1. The foregoing provisions provide the instances in which an arbitral award may be set aside, and it is upon only those grounds that this court is authorised to set aside the award.

  2. As was pointed out by Mr. Tuma, Section 38 allows the parties in their agreement to provide for an appeal on questions of law arising out of the award to be made to this court, and in fact for a further appeal to the court of appeal. It would follow that where the parties have chosen not to provide for appeals on questions of law arising out of the award, or have decided, as the parties in this case decided, under clause 5.1 of their agreement, that the award shall be final, then no appeal can be made on questions of law, arising out of the award.

  3. The only recourse the parties have is to the provisions of Section 34(2) of the Act. The first ground set out in the chamber summons was that a party to the arbitration agreement was under some incapacity. I presume this would fall under Section 34(2) (a) (i) of the Act. This provision in my view relates to the capacity or incapacity of a party to the agreement entering into that agreement on a plain reading of this provision.

  4. It has not been suggested that either party to the arbitration agreement was labouring under some incapacity at the time the agreement was made. The questions that the applicant attempted to raise during the proceedings before the arbitrator had nothing do with capacity or incapacity of either the applicant or respondent no.1 to enter into the agreement. The first question that was raised was that the respondent no.1 was not a legal entity. On the award this was abandoned by the applicant who conceded that the respondent no.1 was a legal entity.

  5. The other matter remotely connected to this may be the reference to liquidation of the respondent no.1 which the applicant wished to raise at the level of final addresses to the arbitrator. The arbitrator dealt with this matter as follows in the award:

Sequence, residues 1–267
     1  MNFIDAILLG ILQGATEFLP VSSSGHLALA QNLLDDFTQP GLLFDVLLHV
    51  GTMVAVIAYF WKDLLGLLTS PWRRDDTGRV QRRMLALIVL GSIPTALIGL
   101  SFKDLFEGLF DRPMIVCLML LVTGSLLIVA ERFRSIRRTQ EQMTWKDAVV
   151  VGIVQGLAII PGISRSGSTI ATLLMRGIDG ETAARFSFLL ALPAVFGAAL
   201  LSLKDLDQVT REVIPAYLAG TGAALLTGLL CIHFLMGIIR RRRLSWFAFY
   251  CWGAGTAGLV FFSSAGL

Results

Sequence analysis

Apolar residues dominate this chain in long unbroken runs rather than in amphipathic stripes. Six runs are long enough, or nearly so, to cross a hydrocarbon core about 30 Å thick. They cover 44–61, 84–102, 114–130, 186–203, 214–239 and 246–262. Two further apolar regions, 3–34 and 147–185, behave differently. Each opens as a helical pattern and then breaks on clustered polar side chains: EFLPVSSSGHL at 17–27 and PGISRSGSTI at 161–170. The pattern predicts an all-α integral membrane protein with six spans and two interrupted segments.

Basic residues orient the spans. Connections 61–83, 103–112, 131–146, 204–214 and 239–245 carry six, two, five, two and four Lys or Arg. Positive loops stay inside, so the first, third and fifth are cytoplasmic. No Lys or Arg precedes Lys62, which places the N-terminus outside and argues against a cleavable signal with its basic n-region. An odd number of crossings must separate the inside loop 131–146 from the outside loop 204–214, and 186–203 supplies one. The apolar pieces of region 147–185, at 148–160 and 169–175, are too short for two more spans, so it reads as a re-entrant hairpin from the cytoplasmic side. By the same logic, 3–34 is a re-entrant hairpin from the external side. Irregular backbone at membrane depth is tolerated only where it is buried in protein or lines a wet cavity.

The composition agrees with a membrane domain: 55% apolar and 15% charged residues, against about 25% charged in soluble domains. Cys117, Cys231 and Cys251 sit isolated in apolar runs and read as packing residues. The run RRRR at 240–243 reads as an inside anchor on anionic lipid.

‘A point was raised by Mr. Mukasa, learned counsel for the Respondent, that the 1st Claimant is under liquidation that the pleadings did reveal this fact and that the liquidator is not participating in these proceedings and that on those two grounds these proceedings cannot continue. I agree with Mr. Tuma, learned counsel for the Claimants that this matter was not pleaded and cannot be raised now without amending the pleadings. I resolve this issue under consideration in favour of the Claimant.’

  1. I am unable to fault the arbitrator in his approach to this issue. In any case in my view it has nothing to do with the capacity or incapacity of the parties to enter into the agreement now under enforcement. Reading the applicant’s defence before the tribunal it is clear that there was no positive averment on the question of liquidation. What the applicant set out to do on the defence filed before the arbitrator was to prove the respondent no.1 not to be a legal entity, which he did not succeed in doing.

  2. The other only ground for this application, as set forth in the chamber summons, was that the arbitral award was not in accordance with the Act, which I presume is a reference to the Arbitration and Conciliation Act. Mr. Mukasa was able to mention twice what parts of the Act, the arbitrator had not complied with.

  3. Firstly Mr. Mukasa submitted the arbitrator did not act as he was mandated to by Section 28(5) of the Act, when he found gross negligence when there was no proof of any kind of any negligence.